The Hardest Line in the Hardest Place: Robert Leistner Establishes New 5.14b in the Elbsandstein
Widely spaced ring bolts; no chalk; and no cams, nuts or modern metal protection. The Elbsandstein, Germany is not for the faint of heart.
The oldest climbing area in the world, the Elbsandstein—the Saxonian Elbe Sandstone Valley in Germany—has a new hardest free climb: Vertreibung der letzten Idealisten, graded 12a in the local system, or 8c/5.14b, established by German climber Robert Leistner last week . The name translates to “Expulsion of the Last Idealists.”
The Elbsandstein is famous for its particular set of ethics: The use of chalk is strictly forbidden in the entire area, and use of metal gear like nuts and cams is prohibited. The only permissible protection is either slings tied into knots or ring bolts—drilled on lead, either from a stance or a skyhook—spaced at least three-meters apart.
Robert Leistner made the first non-free ascent of Vertreibung der letzten Idealisten back in 2005. He installed 11 ring bolts ground-up on a 55-meter panel of sandstone peppered with perfect crimps, pockets, slopers and seams, and capped by a 10-meter crack at the top. A number of the bolts were separated by over five meters—the potential for big whippers was enormous.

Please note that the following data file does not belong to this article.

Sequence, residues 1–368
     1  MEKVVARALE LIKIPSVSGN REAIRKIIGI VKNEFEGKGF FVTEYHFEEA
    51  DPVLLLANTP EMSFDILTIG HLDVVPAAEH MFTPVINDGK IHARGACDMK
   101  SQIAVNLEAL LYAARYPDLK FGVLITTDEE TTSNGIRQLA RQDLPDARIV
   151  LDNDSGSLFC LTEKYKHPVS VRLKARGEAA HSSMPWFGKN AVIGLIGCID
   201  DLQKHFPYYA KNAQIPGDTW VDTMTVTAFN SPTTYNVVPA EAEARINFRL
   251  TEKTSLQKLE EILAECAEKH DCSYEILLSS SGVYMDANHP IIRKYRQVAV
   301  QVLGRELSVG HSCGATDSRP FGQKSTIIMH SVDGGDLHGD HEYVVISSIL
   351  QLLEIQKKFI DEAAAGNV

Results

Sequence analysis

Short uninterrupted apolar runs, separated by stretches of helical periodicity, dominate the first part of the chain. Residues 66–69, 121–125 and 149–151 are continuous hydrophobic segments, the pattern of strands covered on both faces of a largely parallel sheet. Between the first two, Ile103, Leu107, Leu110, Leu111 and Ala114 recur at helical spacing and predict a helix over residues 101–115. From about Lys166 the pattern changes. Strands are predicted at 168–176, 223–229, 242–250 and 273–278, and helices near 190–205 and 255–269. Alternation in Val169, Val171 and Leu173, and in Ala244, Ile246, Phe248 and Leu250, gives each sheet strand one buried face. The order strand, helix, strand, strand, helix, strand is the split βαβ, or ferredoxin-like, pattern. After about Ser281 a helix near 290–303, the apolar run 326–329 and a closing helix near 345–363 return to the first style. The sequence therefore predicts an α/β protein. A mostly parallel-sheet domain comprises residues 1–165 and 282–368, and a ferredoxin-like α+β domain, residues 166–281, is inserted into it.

The climb breaks down into a shorter 15-meter intro pitch, and the 40 meter main-event second pitch.
Leistner has intermittently worked on freeing the two-pitch line these past 14 years. The style of the area forbids top-rope rehearsal, so Leistner projected the route ground-up, always.
At the beginning of 2019 he renewed his efforts on the climb, relearning the intricate movements once again. On July 10, everything came together: the mental toughness, the right weather and ideal skin conditions. Leistner climbed through the final hard crux, right at 45 meters, rested, and then climbed smoothly through the final crack.
Leistner wrote on Instagram, “14 Years waiting for the perfect moment… today the biggest dream of my climbing [life] became true. After 25 minutes with incredible moves and emotions I was able to stand on the top of my [favorite Elbsandstone tower].
His ascent is the first redpoint of this sandstone masterpiece, and has given the Elbsandstein a new testpiece for the next generation of staunch traditionalists.
Watch Robert Leistner on the first ascent (not free) of Vertreibung der letzten Idealisten back in 2005.
40 meters, overhanging the whole way, and almost entirely on ice.read more